Dexcom: For those of you who don’t know, Dexcom is a Continuous Glucose Monitoring system, or CGM. I wear it like my pump (24/7) and it measures my glucose all the time. It also has a handy graph that shows the trends that your body experiences based on your daily activities andΒ  food intake. I was pretty hesitant about ever using a CGM because having one thing hooked up to me 24/7 seemed like more than enough. Additionally, as some of you may have read, I attempted to wear the Medtronic CGM and had a panic attack. However, it seemed like a really cool piece of technology, and when I was put in contact with a Dexcom representative, I decided to give CGM another go. Any time I have read or heard about someone using CGM (even if their pump is Medtronic) they have used a Dexcom. I have NEVER met anyone who uses a Medtronic CGM with regularity. After looking at the Dexcom for 3 seconds it was obvious to me why that is. The cannula/overall Medtronic device is HUGE. The medical tape that is used to stick to you cannot really support the weight of the actual device. A lot of people who wear them have to use additional medical tape to keep them on. The Dexcom cannula looks like an eyelash. And though the tape that keeps it stuck to you is bigger than the Medtronic tape, the actual device is a lot smaller and smoother so as to be less noticeable under clothing. Though the insertion of the Medtronic CGM didn’t hurt, it was a lot harder to insert as the certer goes in at an angle that is very easy to mess up. The Dexcom one has a certer that guides the device in at a precise angle, which takes out a lot of the guess work and uncertainty. Anyway, I have worn it for 3 days now, and I am pretty sure I want one. I don’t think I will wear it all the time, as I still feel like that’s ANOTHER diabetes thing to think about. However, I feel it is especially useful right now as I plan to increase my work out routines and change my diet. Also, it is really fun. Maybe that is because I haven’t had it that long, but I look at what my sugar is every 3 seconds. And at least once every 15 minutes I show it to Nick saying “Look, my sugar is going up,” “Look my sugar is going down,” “Look, my sugar is stable.” I don’t think he is exactly as fascinated as I am… Anyway, I documented the whole thing in photos and plan to write a full review of it after I take it off at the end of the trial period. So…stay tuned for that. πŸ™‚

So many people have been awesome about getting surveys to me! I think I have about 25…and last week I was stressing about getting 10. But keep them coming! The more the better! However, I plan to compile a full draft by next Sunday, so I sort of need all the data ASAP so I can analyze it.

Last but not least, I told you guys a few weeks ago I plan to walk in a JDRF walk to cure diabetes in a few weeks with my dad and Nick. My original goal was to raise $200, but so many awesome people have helped me raise $315 so far. Therefore, I raised my goal to $500. Again, 100% of these proceeds go to the JDRf, the leading non-profit for funding Type 1 diabetes research. (Who I happen to have an interview with in about a week!) If you would like to donate, here is my personal page go here.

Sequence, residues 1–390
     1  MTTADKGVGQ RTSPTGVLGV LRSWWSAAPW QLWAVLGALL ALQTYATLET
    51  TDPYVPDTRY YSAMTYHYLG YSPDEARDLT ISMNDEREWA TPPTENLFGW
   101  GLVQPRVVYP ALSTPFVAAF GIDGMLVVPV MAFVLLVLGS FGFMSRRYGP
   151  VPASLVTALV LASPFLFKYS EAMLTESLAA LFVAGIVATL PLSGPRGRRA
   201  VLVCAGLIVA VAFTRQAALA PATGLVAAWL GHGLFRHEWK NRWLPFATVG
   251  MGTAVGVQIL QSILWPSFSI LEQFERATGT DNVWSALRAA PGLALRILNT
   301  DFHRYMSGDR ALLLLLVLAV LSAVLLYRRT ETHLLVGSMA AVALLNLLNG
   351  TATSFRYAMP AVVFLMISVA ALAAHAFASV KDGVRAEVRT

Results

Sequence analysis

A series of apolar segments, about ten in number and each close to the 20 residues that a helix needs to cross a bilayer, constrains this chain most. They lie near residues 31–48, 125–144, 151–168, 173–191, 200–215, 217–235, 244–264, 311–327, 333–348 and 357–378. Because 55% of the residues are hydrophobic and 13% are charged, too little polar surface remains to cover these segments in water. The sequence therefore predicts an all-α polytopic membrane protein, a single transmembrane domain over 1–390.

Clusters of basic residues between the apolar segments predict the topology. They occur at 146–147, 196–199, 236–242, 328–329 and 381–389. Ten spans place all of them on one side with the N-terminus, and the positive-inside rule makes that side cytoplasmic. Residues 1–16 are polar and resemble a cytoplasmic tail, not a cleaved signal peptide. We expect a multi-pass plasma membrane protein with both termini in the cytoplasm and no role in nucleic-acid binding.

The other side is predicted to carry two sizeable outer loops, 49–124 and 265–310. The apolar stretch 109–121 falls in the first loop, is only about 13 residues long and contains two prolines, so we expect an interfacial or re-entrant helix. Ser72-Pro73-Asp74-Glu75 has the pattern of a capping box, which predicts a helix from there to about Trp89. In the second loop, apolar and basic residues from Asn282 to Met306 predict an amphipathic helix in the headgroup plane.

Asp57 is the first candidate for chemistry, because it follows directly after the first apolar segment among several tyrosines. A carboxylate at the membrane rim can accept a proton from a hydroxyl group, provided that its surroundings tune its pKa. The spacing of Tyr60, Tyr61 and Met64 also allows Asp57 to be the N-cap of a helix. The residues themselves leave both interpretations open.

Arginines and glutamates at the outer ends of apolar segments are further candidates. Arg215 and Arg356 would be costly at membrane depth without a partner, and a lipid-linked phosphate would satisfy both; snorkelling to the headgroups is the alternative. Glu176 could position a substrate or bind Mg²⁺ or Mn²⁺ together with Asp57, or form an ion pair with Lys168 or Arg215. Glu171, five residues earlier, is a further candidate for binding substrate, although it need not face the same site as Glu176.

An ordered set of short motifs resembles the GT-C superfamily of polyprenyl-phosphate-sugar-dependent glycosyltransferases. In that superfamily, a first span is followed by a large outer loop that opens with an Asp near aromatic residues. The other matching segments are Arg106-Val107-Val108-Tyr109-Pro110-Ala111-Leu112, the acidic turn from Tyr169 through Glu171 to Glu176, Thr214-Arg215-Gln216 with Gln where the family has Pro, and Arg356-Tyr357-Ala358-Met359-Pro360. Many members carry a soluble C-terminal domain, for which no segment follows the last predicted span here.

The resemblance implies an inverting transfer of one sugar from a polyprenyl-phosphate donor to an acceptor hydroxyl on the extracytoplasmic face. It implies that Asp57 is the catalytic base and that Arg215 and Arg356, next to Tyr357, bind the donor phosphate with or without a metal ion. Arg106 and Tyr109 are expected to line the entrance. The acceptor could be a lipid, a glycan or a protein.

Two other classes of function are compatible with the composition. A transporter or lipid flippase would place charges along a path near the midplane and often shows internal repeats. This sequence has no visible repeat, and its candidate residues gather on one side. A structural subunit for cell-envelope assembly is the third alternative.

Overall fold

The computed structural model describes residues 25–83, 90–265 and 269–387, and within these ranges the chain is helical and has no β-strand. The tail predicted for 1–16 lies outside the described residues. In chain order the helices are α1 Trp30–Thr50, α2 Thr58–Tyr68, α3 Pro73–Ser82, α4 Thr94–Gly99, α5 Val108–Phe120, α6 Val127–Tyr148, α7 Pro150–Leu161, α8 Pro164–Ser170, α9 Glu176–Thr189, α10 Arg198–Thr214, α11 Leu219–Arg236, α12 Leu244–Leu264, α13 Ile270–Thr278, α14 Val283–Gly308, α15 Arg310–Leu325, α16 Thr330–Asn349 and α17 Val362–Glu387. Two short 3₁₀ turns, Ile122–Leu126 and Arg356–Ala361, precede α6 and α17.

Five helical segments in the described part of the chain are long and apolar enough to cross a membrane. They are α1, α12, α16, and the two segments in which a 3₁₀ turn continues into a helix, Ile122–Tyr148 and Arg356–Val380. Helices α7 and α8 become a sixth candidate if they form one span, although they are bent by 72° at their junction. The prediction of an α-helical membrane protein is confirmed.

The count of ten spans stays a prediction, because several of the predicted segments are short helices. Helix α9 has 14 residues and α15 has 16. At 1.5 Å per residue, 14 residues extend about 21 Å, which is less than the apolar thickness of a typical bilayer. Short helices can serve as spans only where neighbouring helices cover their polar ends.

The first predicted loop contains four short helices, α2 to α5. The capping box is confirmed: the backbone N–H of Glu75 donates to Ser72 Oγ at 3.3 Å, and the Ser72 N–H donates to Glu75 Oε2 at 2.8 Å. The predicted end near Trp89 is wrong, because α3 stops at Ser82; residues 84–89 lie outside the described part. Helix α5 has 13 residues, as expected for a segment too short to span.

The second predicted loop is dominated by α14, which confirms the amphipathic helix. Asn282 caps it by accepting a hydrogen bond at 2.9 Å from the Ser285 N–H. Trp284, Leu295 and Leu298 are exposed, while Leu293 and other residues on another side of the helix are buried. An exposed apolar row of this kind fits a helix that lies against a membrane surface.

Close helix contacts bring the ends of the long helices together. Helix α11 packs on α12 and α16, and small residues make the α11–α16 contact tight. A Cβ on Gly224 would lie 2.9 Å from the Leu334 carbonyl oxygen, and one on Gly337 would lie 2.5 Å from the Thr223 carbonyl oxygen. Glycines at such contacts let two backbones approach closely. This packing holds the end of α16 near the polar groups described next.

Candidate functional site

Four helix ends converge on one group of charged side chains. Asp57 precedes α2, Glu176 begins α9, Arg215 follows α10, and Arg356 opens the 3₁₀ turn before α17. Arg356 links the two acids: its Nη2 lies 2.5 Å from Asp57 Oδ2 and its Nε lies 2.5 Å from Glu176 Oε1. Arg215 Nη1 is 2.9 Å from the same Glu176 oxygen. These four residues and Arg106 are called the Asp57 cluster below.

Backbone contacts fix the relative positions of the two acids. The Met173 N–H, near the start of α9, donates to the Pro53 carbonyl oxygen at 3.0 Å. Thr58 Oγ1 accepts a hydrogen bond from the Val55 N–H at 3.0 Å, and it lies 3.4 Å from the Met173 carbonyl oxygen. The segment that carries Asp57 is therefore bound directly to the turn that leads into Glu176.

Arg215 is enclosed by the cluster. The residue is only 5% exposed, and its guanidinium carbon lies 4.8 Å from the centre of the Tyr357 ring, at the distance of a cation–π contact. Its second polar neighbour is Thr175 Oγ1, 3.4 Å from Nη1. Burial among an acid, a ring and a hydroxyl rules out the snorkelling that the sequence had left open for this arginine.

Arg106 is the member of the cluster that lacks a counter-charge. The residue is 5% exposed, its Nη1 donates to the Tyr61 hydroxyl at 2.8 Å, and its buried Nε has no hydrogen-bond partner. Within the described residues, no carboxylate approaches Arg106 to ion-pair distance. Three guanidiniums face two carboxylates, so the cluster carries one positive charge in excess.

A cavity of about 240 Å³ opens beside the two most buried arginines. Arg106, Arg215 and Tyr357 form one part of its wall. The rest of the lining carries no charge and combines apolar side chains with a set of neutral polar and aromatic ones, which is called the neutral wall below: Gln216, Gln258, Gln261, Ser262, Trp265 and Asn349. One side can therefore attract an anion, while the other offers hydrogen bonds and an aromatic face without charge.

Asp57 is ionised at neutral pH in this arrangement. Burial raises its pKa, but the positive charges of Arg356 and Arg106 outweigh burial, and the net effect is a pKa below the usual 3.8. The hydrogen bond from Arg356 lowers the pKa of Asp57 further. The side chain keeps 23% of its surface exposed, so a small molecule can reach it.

So many exciting things are happening for me right now! Can’t wait to update you on all of them! πŸ™‚


Hope this brightens your day!

I found this hilarious Facebook page.

It was nice to read some Type 1 memes!

Here are my faves! All from the Type 1 Diabetes Memes Facebook page.

Hope that put a smile on your face! πŸ™‚

Type 1s: Trimming Down and Toning Up Together

What I am about to say is sort of hypocritical since I just wrote a post complaining about how I am too small to comfortably insert my pump anywhere. That being said, I want to feel comfortable in my own skin, and right now…I don’t.

I have complained before about how I have gained weight since my diagnosis. I just don’t like how it sits on me, especially on my face. When I wrote about losing weight with diabetes, (which you can read about here) a lot of women contacted me saying that they too experienced frustration with loosing weight and diabetes. I have also read this on a lot of other diabetes blogs, and spoke to diabetics about this in person. Whether loosing weight is a personal goal, or you are using physical exercise as a way to control your blood sugar, exercise is an immensely important part of a healthy diabetic lifestyle.

Therefore…I have decided to be your guinea pig. This has mutual benefit…I have to keep up with this since I committed to blogging about it, and you can share your experiences, tips, and questions with other diabetics. Every week, I will post at least one challenge. This will be an exercise, lifestyle commitment (such as drinking 8 glasses or water a day or using the stairs as opposed to elevators etc.), or a diet/recipe to try.Β  I will also be testing out how different diets affect my blood sugars and weight. I will be measuring myself with a tape measure to see how many inches I lose over time (as weighing will be less useful because I will probably gain muscle).

I know that we have different fitness goals…but we share one thing, diabetes. So I am making a commitment to you to share my experiences. I hope that you will try some of these things as well!

Addy= 5lb weight

Challenges start on Monday! Are you ready???

I just want to close in saying that I am not a health care professional. All of my tips are based on my personal experiences. If you are considering any serious diet/exercise commitment you should consult a healthcare professional.

Insulin Pump Woes

Overall I do find my pump more convenient. But sometimes things just get to me…such as the following.

I HATE BUBBLES. No, not bubbles from gum or the soapy kind you blow when you are a kid. I hate insulin pump reservoir bubbles. For those of you who don’t have a pump/don’t have diabetes, the reservoir is like a vial where you put the insulin for 3-4 days in your pump.


Me filling a reservoir with insulin. If you look closely, there is a bubble in the reservoir toward the top.